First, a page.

Neuralink Teaches Monkey to Control Pong with His Mind via Implants

Neuralink monkey Pong mind

Neuralink scientists and engineers have taught a monkey to play Pong with its mind, using implants translating brain impulses to commands.

The YouTube video, now viewed almost 5 million times, shows a Macaque called Pager playing a game. By moving the analog stick, the cursor moves over the colored square, and he gets a bit of banana smoothie as a reward.

As he does this, activity in the motor-function part of his brain is recorded via the implanted Neuralink microchips, and transmitted to a phone via Bluetooth. This data is then “decoded,” allowing scientists to work out exactly what impulses are given when Pager wants to move his hands in a certain way.

After a few minutes of calibration, Pager is able to move the cursor with his mind. While the analogue stick is unplugged, the impulses from the brain are decoded by computers, and sent to the game.

This is taken a step further, with Pager being able to play Pong– or rather “MindPong”- with no fake analogue stick; purely with his mind. Neuralink also emphasizes that Pager is happy and healthy, playing the game of his own volition.

The goal of the Elon Musk-founded neurotechnology company is to enable those who are paralyzed control a computer or phone with their mind. Since they would be unable to calibrate the device by moving their arms, they instead would imagining hand movements to targets.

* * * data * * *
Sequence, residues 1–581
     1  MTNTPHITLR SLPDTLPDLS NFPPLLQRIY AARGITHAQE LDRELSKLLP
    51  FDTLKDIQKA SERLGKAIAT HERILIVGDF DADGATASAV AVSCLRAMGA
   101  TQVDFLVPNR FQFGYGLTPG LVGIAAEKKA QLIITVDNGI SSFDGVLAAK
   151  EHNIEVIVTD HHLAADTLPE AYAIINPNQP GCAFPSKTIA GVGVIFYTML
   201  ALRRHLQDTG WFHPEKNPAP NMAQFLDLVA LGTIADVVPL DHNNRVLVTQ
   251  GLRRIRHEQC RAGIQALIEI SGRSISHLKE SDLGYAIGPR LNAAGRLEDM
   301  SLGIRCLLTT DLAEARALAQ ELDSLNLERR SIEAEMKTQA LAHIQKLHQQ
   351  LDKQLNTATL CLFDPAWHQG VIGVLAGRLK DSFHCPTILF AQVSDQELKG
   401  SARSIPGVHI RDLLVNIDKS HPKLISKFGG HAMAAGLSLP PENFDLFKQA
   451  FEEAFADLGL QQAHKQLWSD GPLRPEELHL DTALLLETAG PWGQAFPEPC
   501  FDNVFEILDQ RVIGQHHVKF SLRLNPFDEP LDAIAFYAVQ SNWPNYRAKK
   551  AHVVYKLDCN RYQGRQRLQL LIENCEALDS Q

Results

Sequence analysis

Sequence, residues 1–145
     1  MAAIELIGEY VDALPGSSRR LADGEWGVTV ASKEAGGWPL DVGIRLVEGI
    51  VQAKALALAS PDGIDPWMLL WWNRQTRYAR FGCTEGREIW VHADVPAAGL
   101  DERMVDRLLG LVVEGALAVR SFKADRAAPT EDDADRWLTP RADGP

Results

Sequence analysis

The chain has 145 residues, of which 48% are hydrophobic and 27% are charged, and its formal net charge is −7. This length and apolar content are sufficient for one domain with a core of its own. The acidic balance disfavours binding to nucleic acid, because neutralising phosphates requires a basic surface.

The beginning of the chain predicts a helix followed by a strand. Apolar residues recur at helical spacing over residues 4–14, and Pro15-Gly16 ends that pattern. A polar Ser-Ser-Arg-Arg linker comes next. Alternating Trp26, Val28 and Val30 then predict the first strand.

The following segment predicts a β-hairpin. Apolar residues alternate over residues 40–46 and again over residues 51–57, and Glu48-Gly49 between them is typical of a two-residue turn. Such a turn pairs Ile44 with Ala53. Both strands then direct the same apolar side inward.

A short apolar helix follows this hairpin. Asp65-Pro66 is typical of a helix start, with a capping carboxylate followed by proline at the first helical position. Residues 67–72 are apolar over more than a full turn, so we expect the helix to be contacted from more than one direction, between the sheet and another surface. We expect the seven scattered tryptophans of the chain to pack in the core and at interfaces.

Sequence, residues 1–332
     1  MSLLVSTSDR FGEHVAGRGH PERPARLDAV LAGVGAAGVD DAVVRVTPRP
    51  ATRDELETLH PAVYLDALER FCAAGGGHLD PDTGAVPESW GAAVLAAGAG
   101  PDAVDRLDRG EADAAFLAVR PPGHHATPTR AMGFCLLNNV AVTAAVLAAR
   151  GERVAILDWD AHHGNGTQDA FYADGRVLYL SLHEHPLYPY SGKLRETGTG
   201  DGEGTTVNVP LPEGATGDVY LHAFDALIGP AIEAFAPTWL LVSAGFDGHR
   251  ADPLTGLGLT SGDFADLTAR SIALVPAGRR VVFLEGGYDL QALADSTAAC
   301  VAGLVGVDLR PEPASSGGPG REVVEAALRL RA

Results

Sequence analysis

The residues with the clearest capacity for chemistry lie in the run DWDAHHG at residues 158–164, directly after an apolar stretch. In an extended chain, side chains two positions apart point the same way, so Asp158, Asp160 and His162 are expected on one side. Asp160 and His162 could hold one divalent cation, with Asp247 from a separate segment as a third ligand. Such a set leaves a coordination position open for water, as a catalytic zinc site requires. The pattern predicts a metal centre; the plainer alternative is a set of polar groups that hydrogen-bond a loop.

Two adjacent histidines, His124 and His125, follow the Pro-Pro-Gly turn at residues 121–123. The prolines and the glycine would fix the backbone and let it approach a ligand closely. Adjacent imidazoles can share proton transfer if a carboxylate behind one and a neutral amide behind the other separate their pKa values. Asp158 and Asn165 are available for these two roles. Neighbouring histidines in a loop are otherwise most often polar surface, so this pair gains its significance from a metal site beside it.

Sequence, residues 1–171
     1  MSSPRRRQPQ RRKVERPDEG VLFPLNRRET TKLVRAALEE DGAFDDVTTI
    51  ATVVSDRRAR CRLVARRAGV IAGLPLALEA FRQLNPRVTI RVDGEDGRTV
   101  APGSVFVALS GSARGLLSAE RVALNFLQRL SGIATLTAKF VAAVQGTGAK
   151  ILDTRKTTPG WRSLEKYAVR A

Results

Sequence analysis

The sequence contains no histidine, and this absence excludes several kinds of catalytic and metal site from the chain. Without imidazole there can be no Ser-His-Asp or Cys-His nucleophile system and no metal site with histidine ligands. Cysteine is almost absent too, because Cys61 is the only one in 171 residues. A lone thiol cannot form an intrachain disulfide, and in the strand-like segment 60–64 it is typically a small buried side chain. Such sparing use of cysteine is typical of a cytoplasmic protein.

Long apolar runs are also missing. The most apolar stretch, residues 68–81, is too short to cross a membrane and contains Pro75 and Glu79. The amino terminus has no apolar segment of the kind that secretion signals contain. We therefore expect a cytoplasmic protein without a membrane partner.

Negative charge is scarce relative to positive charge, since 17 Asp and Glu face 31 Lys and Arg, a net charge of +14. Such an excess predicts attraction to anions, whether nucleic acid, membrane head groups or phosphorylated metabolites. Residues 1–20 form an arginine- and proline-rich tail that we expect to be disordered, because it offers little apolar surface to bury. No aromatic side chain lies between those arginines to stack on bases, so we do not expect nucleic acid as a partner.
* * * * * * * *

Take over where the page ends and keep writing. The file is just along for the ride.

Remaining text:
The use of video games in promoting hand-to-eye coordination has been proven time and again, and may posses a future in training those with limited motor function to use day-to-day objects, or even robotic limbs in the distant future.

The Neuralink team still have numerous challenges across various fields of engineering, and Neuralink are encouraging more to join their team.

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Taking his first steps onto Route 1 and never stopping, Ryan has had a love of RPGs since a young age. Now he's learning to appreciate a wider pallet of genres and challenges.